You assume too much about how I think when you accuse me of thinking that authority is bad or that taking my husbands name to identify with him is bad. I never said anything of the sort in what I wrote.

  5. Philippians 2 mainly describes the attitude of Christ in His humility, which is essential for sacrificial love. It’s the purpose, much like is explained in John 3.

    John 3:16 “For God so loved the world, that He gave His [e]only begotten Son, that whoever believes in Him shall not perish, but have eternal life. 17 For God did not send the Son into the world to judge the world, but that the world might be saved through Him.

    Who He is remains the same, namely:

    Matthew 1:20 But when he had considered this, behold, an angel of the Lord appeared to him in a dream, saying, “Joseph, son of David, do not be afraid to take Mary as your wife; for [u]the Child who has been [v]conceived in her is of the Holy Spirit. 21 She will bear a Son; and you shall call His name Jesus, for [w]He will save His people from their sins.” 22 Now all this [x]took place to fulfill what was spoken by the Lord through the prophet: 23 “Behold, the virgin shall be with child and shall bear a Son, and they shall call His name [y]Immanuel,” which translated means, “God with us.”

    He is God with us.

    There are two points here.

    1. Generally speaking, I agree with you that in that coming together transforms the whole to be greater than the sum of its parts. After all, a “husband” is not a “husband” without a “wife.” Likewise, a gift is not a gift unless it is accepted.

    2. What I think you’re missing is that the Scriptures affirm patriarchy and call God a Father for a reason. Namely, the assumption identity from the way that love flows from authority and the willingness of which we opt into it: Christ->Church, Husband->Wife, Father->Children.

    Love, via authority, elevates those under it to co-status. We are Sunkleronomos — co-heirs/co-inheritors in Christ. We are Sunergos – co-workers/co-laborers in Christ. However, our identity is fundamentally rooted in the family that we are grafted/adopted/accepted into of our free will. Christ-ians. Children of God. Mrs. X.

    Perhaps an analogy that will help you understand better is this. The husband is a melody, and the wife is a harmony. My girlfriend told me another good one when she heard that one: I am a cupcake to her icing.

    Another way of explaining it: https://deepstrength.wordpress.com/2015/12/10/women-need-flavor-with-food/

  6. @Mrs. C

    The husband gains his authority (purpose) over her by conforming to her likeness.

    Ridiculous.

  7. Mrs. C

    @Caldo – It’s called marriage. Christ has his authority because he’s God. A husband gets his on the wedding day and imitating Christ to took on our likeness. Nourish her like yourself in all that is of Christ.

  8. @Mrs. C

    “Conforming to her [the wife’s] likeness” is not marriage; not in spirit and not in flesh. I notice that it is the wife who tears and bleeds.

    Nor does “”Conforming to her [the wife’s] likeness” speak to the relationship of Christ and His Church. This is because at the consummation of all things, Christ will not be conforming to the Church.

    You’re just wrong.

  9. A father has authority over his daughter. However, it requires agreement of both the father and the daughter (oneness) for the daughter to be given to the husband in marriage: the passing of authority is from the father to the husband. A daughter trades the authority of her father for the authority of her husband. Her identity is of her father’s household (name), and she trades it for her husband’s household (name).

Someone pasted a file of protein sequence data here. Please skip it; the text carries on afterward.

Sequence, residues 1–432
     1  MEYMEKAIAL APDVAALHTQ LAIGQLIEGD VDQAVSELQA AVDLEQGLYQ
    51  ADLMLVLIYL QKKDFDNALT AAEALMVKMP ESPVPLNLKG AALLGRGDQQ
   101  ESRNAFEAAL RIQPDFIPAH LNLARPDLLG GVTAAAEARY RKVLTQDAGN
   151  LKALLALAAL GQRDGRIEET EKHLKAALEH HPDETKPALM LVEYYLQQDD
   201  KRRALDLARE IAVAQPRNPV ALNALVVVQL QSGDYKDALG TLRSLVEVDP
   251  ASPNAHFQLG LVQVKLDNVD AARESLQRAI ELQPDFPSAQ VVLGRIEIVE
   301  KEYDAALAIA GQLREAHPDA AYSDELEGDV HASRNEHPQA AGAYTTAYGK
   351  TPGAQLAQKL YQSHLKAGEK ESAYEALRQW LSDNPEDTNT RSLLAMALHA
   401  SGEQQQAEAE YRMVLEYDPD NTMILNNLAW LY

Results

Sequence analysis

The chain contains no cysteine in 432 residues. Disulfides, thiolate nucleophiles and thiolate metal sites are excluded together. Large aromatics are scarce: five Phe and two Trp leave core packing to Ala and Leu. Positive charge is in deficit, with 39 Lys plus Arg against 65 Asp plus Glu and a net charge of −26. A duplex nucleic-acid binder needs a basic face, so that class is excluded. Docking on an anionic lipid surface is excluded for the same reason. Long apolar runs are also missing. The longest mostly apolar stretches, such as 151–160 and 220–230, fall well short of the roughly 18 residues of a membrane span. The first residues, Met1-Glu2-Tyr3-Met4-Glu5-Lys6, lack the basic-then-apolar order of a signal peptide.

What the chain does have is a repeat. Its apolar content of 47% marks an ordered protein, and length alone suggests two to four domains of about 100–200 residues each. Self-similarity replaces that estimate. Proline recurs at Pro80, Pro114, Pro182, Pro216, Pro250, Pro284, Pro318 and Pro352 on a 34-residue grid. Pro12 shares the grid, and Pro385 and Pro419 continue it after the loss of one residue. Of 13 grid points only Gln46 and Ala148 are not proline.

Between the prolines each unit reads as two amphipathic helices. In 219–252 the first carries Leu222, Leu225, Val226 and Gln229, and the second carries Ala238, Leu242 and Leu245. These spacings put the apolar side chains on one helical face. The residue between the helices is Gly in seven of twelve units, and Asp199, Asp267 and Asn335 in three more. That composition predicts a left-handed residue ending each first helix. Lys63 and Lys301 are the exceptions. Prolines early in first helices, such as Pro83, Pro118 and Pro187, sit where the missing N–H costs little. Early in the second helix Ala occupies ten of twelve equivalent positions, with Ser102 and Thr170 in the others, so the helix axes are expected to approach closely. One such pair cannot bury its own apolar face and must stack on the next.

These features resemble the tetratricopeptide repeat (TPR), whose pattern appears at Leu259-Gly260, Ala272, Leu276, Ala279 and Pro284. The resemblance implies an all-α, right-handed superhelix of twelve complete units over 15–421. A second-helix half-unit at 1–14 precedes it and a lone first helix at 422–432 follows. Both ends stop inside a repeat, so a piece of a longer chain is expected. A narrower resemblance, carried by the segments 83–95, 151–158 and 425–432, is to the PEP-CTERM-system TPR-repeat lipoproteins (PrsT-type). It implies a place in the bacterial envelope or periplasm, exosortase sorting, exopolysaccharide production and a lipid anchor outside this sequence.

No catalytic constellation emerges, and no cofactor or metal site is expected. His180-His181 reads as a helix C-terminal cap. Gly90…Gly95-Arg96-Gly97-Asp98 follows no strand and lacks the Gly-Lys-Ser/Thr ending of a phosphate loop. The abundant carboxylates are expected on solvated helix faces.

This happens in Genesis with Adam and Eve, is the basis around the marriage both with Christ and the Church and husbands and wives.

    Paul confirms that the authority of a father over his daughter is still present under the New Covenant.

    1 Corinthians 7:36 But if any man thinks that he is acting unbecomingly toward his virgin daughter, if she is past her youth, and if it must be so, let him do what he wishes, he does not sin; let [s]her marry. 37 But he who stands firm in his heart, [t]being under no constraint, but has authority [u]over his own will, and has decided this in his own heart, to keep his own virgin daughter, he will do well. 38 So then both he who gives his own virgin daughter in marriage does well, and he who does not give her in marriage will do better.

  10. Mrs. C

    @Caldo ““Conforming to her [the wife’s] likeness” is not marriage; not in spirit and not in flesh. I notice that it is the wife who tears and bleeds.”

    Yes, she’s the one who tears and bleeds as a “sign” so that when the husband, whose body she is, can behold the sacrifice of love that he himself should make for her. If the wife is the body of the husband, she is a sign unto him of his own role. You seem to like thinking you have all the authority of Christ but don’t want to conform to being the sacrifice.

    @Caldo “This is because at the consummation of all things, Christ will not be conforming to the Church.”

    Is the glorified flesh He has in heaven not the same flesh that lay in a manger or that hung upon the cross as our likeness? When He had risen did He not still bear the marks of His wounds? Did Thomas not touch them? Is marriage not the “sign” of what our relationship will be with him at the marriage supper? In Revelation, he is depicted as a lamb slain but standing. There is nothing more meek than a God identifying himself in the likeness of a sacrificed lamb who yet, overcame death because He is also God.

    Catechism of the Catholic Church
    ” The Word became flesh to make us “partakers of the divine nature”:78 “For this is why the Word became man, and the Son of God became the Son of man: so that man, by entering into communion with the Word and thus receiving divine sonship, might become a son of God.”79 “For the Son of God became man so that we might become God.”80 “The only-begotten Son of God, wanting to make us sharers in his divinity, assumed our nature, so that he, made man, might make men gods.”

  11. Mrs. C